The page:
World Health Organization panel meets in Geneva, Jan. 22, 2020. (Photo: China Daily)New York (People’s Daily) -- Officials from the World Health Organization (WHO) convened a special meeting in Geneva Wednesday to determine a course of action in response to growing concerns over the spread of the new coronavirus in Wuhan, China. They will announce their decision on Thursday.WHO President Tedros Adhanom saidofficials have been in constant touch with health officials in China and their own experts are on the ground in Wuhan to carry out investigations into the outbreak of the coronavirus.Adhanom confirms that there is evidence of person-to-person transmission through close contact, such as in families or in health care settings, but they have not seen any evidence of onward transmission such as third or fourth generation transmission.At this stage, the officials say they need more information before they can consider the best course of action to take to contain the spread of the virus and whether to declare an international health emergency.They say a decision of that magnitude cannot be taken without having access to all the appropriate information, which they expect to have within the next 24 hours.The WHO emergency committee will meet again Thursday to continue discussions on the situation and to make an announcement on whether it’s necessary to declare a public emergency.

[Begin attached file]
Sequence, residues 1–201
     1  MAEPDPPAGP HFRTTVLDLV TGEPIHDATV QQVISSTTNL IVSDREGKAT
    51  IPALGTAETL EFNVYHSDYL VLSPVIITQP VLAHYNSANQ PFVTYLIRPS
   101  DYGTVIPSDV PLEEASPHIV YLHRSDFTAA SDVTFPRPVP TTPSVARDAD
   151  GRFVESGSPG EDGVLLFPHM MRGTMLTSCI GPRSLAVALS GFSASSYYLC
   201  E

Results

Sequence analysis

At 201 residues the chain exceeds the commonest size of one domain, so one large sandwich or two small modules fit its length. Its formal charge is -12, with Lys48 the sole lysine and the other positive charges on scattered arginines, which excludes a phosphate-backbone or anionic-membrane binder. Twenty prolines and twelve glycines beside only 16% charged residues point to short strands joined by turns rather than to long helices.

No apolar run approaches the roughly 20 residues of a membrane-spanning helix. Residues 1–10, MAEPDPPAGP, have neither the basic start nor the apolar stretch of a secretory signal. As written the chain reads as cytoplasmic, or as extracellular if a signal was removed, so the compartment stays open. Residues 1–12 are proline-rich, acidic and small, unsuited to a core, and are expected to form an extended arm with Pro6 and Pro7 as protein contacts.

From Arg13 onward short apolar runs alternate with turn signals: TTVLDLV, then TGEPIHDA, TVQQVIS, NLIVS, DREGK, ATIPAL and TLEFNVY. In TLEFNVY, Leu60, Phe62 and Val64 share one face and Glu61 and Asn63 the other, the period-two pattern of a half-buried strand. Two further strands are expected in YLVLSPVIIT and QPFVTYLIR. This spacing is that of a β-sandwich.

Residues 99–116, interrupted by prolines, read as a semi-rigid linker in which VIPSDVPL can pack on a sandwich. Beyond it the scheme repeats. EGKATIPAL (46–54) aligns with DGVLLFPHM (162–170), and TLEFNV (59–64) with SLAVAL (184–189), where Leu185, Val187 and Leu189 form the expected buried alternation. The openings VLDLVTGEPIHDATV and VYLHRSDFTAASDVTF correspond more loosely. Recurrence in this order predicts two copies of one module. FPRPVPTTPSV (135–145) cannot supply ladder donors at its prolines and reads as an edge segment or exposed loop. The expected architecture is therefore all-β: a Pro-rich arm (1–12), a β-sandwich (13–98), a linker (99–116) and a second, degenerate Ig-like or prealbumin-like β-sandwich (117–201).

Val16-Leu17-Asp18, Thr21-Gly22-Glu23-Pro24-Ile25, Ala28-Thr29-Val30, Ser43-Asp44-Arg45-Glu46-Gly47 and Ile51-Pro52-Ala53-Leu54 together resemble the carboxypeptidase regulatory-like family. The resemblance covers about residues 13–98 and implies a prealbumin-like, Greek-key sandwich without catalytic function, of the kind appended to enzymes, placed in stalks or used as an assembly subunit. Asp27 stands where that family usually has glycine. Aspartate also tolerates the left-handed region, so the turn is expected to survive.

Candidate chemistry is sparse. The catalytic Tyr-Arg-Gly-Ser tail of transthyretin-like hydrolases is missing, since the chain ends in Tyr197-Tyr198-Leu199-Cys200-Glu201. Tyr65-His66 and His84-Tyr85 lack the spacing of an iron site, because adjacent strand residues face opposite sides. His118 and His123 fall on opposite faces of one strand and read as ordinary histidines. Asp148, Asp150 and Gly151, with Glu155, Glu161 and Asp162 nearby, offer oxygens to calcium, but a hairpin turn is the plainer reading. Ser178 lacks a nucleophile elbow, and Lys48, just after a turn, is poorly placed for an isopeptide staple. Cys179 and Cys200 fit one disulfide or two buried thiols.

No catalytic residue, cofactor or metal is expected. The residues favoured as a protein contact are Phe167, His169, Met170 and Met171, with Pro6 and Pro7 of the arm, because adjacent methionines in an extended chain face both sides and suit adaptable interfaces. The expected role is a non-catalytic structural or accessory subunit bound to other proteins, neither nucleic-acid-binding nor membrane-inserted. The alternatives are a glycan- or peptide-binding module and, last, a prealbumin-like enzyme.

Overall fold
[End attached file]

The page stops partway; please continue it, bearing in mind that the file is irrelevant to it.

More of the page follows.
Mexico investigates first possible case of Wuhan Coronavirus

(Photo: AFP)Mexico City (Peoples Daily)-- Mexico is investigating its first potential case of coronavirus, Mexican President Andres Manuel Lopez Obrador said on Wednesday.According to the Mexican president, the patient is located in the northern border state of Tamaulipas, a region that boarders the southern tip of Texas.Gloria Molina, Secretary of Health of Tamaulipas, said the 57-year-old patient, who has been identified as possibly being infected with the new coronavirus, traveled to the Wuhan region of China on December 25, and returned from China to Reynosa on January 10.After his arrival, the patient of Asian origin and who is also a doctor in the Reynosa Molecular Biology Center, began to show symptoms of the virus including a runny nose and dry cough, so he isolated himself at home.Molina said that this possible case of coronavirus does not represent an alert for the entire country as it is an isolated case.

UN experts: Jeff Bezos phone hack shows link to Saudi prince